• Compressed food bars. They store well, are lightweight, taste good and are nutritious.
    • Trail mix. It is available as a prepackaged product or you can assemble it on your own.
    • Dried foods. They can be nutritious and satisfying, but have some have a lot of salt content, which promotes thirst. Read the label.
    • Freeze-dried foods. They are tasty and lightweight, but will need water for reconstitution.
    • Instant dried Meals.
    • Snack-sized canned goods.
    • Prepackaged beverages. Those in foil packets and foil-lined boxes are suitable because they are tightly sealed and will keep for a long time.
    Food Options to Avoid:
    • Commercially dehydrated foods.
    • Bottled foods. They are generally too heavy and bulky, and break easily.
    • Meal-sized canned foods. They are usually bulky and heavy.
    • Whole grains, beans, pasta. Preparation could be complicated under the circumstances of a disaster.

    In a natural disaster or emergency situation most rescues will occur within a few days or things will simply get back to normal, unless the situation is widespread or there has been a heavy loss of life. Keep in mind that most of us have sufficient food in our cupboards, refrigerator or freezer to survive for a week or two, so concentrate your efforts on water procurement. Rotate your water supplies ever six months and remember the alternate places to find water, as well as the various treatment methods to insure it’s safe to drink. Also keep a close eye on how long you’ve have your food stuffs in storage and rotate your foods so you always use the oldest foods first.

  3. JoeLee

    JoeLee Guest

    For meat and fish salt it,vegetables a root cellar.
  4. survival

    survival New Member

    The use of salt in preparing foods

    Salt has been used for many years to preserve meats through the uses of drying the meat or storing it in a brine. In making jerky, salt causes the chemical reaction needed for the meat to preserve properly.

    But, the eating of salt cured foods requires you have plenty of water in order for your body to process it properly. I would suggest, these types of foods not be eaten, unless you have at least a quart of water a day. If eaten without without water, it will speed up dehydration, because it will take water from your body's system to process the foods.
  5. Taxpayer

    Taxpayer Guest

    From personal experiance:

    We have eaten stored canned goods that were good after 2 years. Dried foods like beans, rice, etc, last indefinately. I have stored water in 55 gallon drums for up to a year and it was good still.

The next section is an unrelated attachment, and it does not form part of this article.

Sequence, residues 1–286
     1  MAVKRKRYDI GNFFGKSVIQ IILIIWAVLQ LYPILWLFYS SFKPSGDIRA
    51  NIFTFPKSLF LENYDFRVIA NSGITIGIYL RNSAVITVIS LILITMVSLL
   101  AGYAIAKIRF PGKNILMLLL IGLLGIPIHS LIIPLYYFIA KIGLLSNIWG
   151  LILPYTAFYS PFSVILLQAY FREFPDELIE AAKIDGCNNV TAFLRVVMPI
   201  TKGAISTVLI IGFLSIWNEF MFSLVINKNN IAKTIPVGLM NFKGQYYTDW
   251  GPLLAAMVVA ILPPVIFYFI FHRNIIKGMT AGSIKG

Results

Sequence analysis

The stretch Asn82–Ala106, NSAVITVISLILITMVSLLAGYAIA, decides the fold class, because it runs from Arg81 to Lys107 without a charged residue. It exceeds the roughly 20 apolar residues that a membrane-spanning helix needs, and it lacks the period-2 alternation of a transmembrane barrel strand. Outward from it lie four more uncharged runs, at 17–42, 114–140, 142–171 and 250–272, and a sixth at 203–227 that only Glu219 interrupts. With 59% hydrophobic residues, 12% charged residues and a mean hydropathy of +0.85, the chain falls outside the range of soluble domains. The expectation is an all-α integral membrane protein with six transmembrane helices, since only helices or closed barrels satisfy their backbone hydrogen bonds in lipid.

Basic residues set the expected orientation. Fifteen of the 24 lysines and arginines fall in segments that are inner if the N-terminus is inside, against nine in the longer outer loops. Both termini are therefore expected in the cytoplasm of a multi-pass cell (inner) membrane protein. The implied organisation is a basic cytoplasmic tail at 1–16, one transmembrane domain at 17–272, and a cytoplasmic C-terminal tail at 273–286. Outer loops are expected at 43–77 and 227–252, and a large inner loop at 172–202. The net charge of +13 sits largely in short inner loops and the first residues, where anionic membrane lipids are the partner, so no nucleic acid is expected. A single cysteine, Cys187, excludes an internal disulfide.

What we did was to just buy canned goods and dry foods that we eat and just rotate them. They'll last a while.
  6. AR Hammer

    AR Hammer Guest

    I have written on this subject several times down through the years...
    Now that I have lived through my small town getting flattened twice by tornados in Indiana, and lived thorough hurricane Andrew in south Florida, I have a totally different attitude!

    I used to subscribe to the most prevalent schools of though on the subject:
    1. Staples. Wheat flower, Corn meal, Salt, Sugar, Honey, Water...
    2. Bulk Storage. We were expecting nuclear war, so large stock piles were an absolute must!

    Now that I've had two houses blown away in tornados, and one MIA from a category 4 hurricane, I have an entirely new view point.
    I now believe the entire 'Staples & Bulk' philosophy is fundamentally flawed.
    The hurricane season a few years back proved my new way of thinking to be correct...

    And it's really simple!

    This is all the stuff I eat anyway, so it is automatically rotated, meaning no extensive, expensive, time and space consuming storage of things I don't normally use a lot of...

    I buy can goods by the cases, new cases go in the back, old cases get moved forward.
    Long term storage problem solved.

    I buy lots of things I like and regular eat.
    When you have flour or corn meal, water, salt and honey, you have salty wall paper paste every meal.
    'Staples Blandness' problem solved.

    To actually make something palatable out of the flower and corn meal, you need things like baking power, baking soda, pepper and other spices, lard, vegetable oil, ect.